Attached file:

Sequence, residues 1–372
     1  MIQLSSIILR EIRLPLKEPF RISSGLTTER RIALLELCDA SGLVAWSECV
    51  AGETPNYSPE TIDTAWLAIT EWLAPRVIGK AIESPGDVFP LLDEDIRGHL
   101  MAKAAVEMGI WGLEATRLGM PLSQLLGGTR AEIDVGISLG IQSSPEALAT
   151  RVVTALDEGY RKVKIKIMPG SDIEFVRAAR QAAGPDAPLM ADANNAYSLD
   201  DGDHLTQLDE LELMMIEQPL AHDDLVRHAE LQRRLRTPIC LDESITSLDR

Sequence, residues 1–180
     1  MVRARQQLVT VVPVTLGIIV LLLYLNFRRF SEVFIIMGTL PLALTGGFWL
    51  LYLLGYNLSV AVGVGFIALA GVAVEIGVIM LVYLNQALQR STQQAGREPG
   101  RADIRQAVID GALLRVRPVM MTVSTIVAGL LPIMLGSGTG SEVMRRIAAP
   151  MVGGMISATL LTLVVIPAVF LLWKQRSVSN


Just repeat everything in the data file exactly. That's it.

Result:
Sequence, residues 1–372
     1  MIQLSSIILR EIRLPLKEPF RISSGLTTER RIALLELCDA SGLVAWSECV
    51  AGETPNYSPE TIDTAWLAIT EWLAPRVIGK AIESPGDVFP LLDEDIRGHL
   101  MAKAAVEMGI WGLEATRLGM PLSQLLGGTR AEIDVGISLG IQSSPEALAT
   151  RVVTALDEGY RKVKIKIMPG SDIEFVRAAR QAAGPDAPLM ADANNAYSLD
   201  DGDHLTQLDE LELMMIEQPL AHDDLVRHAE LQRRLRTPIC LDESITSLDR

Sequence, residues 1–180
     1  MVRARQQLVT VVPVTLGIIV LLLYLNFRRF SEVFIIMGTL PLALTGGFWL
    51  LYLLGYNLSV AVGVGFIALA GVAVEIGVIM LVYLNQALQR STQQAGREPG
   101  RADIRQAVID GALLRVRPVM MTVSTIVAGL LPIMLGSGTG SEVMRRIAAP
   151  MVGGMISATL LTLVVIPAVF LLWKQRSVSN